Identify somatic short variants (SNVs and Indels) in one or more tumor samples from a single individual, with or without a matched normal sample.
|Somatic short variants tumor-normal pair||T-N BAMs to VCF||universal||yes||b37|
|Somatic short variants PON creation||Normal BAMs to PON||universal||yes||b37|
This workflow requires BAM files for each input tumor and normal sample. Input BAMs should be pre-processed as described in the GATK Best Practices for data pre-processing.
There are two main steps to this workflow. First we generate a large set of candidate somatic variants, then we filter them to obtain a more confident set of somatic variant calls.
Like HaplotypeCaller, Mutect2 calls SNVs and indels simultaneously via local de-novo assembly of haplotypes in an active region. That is, when Mutect2 encounters a region showing signs of somatic variation, it discards the existing mapping information and completely reassembles the reads in that region in order to generate candidate variant haplotypes. Like HaplotypeCaller, Mutect2 then aligns each read to each haplotype via the Pair-HMM algorithm to obtain a matrix of likelihoods. Finally, it applies a Bayesian somatic likelihoods model to obtain the log odds for alleles to be somatic variants versus sequencing errors.
This step emits an estimate of the fraction of reads due to cross-sample contamination for each tumor sample and an estimate of the allelic copy number segmentation of each tumor sample. Unlike other contamination tools, CalculateContamination is designed to work well without a matched normal even in samples with significant copy number variation and makes no assumptions about the number of contaminating samples.
This tool uses an optional F1R2 counts output of Mutect2 to learn the parameters of a model for orientation bias. It finds prior probabilities of single-stranded substitution errors prior to sequencing for each trinucleotide context. This is extremely important for FFPE tumor samples.
Mutect2’s somatic likelihoods model assumes that read errors are independent, so that, for example, four reads each with an error probability of 1/1000 yield a log odds of roughly 1000^4 in favor of being a real variant versus a sequencing error. FilterMutectCalls accounts for correlated errors, that is, the possibility that all variant reads at a site were due to some common source of error. It accomplishes this through several hard filters to detect alignment artifacts and probabilistic models for strand and orientation bias artifacts, polymerase slippage artifacts, germline variants, and contamination. Additionally, it learns a Bayesian model for the overall SNV and indel mutation rate and allele fraction spectrum of the tumor to refine the log odds emitted by Mutect2. It then automatically sets a filtering threshold to optimize the F score, the harmonic mean of sensitivity and precision.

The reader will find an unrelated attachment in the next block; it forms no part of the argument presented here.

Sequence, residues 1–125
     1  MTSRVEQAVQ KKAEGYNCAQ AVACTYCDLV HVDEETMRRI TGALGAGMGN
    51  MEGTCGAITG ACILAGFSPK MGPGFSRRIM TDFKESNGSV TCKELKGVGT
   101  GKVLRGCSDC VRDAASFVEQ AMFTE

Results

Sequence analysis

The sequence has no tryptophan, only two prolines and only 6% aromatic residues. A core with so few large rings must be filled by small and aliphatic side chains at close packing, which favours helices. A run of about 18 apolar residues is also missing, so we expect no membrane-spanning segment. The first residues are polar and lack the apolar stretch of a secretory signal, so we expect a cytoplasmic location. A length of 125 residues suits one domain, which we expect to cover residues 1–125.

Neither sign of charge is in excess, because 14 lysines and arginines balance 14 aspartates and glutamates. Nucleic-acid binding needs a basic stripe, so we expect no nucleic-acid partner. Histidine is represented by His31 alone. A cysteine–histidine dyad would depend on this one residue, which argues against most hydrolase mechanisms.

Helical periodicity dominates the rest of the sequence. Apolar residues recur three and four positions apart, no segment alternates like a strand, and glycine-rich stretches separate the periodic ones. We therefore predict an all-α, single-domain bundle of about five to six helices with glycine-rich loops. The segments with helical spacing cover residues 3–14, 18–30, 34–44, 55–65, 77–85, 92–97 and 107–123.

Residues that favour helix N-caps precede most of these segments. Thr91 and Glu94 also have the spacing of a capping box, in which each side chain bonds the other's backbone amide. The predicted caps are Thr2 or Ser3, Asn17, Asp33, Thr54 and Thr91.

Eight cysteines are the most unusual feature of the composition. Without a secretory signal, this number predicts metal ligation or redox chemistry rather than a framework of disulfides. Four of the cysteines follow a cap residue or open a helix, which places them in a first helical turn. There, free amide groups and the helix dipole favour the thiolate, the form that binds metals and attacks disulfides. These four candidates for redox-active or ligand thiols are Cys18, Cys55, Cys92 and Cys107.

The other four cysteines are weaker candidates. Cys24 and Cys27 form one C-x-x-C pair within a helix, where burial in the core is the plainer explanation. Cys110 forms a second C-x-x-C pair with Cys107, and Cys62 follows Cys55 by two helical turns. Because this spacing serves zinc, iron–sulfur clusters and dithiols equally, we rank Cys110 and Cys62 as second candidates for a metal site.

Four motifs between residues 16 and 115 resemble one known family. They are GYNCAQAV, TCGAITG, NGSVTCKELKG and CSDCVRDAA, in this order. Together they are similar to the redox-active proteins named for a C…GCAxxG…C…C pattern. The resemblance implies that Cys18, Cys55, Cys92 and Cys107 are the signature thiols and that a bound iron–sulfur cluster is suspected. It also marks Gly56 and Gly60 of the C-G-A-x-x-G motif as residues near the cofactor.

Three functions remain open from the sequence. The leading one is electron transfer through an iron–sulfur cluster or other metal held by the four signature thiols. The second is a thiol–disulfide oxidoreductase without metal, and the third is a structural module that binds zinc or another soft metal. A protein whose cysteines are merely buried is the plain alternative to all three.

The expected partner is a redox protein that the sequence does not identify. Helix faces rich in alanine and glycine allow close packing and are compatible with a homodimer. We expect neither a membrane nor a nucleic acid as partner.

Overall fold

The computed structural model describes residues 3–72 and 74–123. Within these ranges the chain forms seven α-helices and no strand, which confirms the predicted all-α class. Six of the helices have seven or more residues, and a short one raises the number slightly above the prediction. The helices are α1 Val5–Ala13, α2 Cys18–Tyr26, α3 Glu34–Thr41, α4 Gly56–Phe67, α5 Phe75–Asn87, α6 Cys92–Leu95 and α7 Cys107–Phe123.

At this step we run tools to add information to the discovered variants in our dataset. One of those tools, Funcotator, can be used to add gene-level information to each variant. Funcotator is a functional annotation tool in the core GATK toolset and was designed to handle both somatic and germline use cases. Funcotator reads in a VCF file, labels each variant with one of twenty-three distinct variant classifications, produces gene information (e.g. affected gene, predicted variant amino acid sequence, etc.), and associations to information in datasources. Supported datasources include GENCODE (gene information and protein change prediction), dbSNP, gnomAD, and COSMIC (among others). The corpus of datasources is extensible and user-configurable and includes cloud-based datasources supported with Google Cloud Storage. Funcotator produces either a Variant Call Format (VCF) file (with annotations in the INFO field) or a Mutation Annotation Format (MAF) file.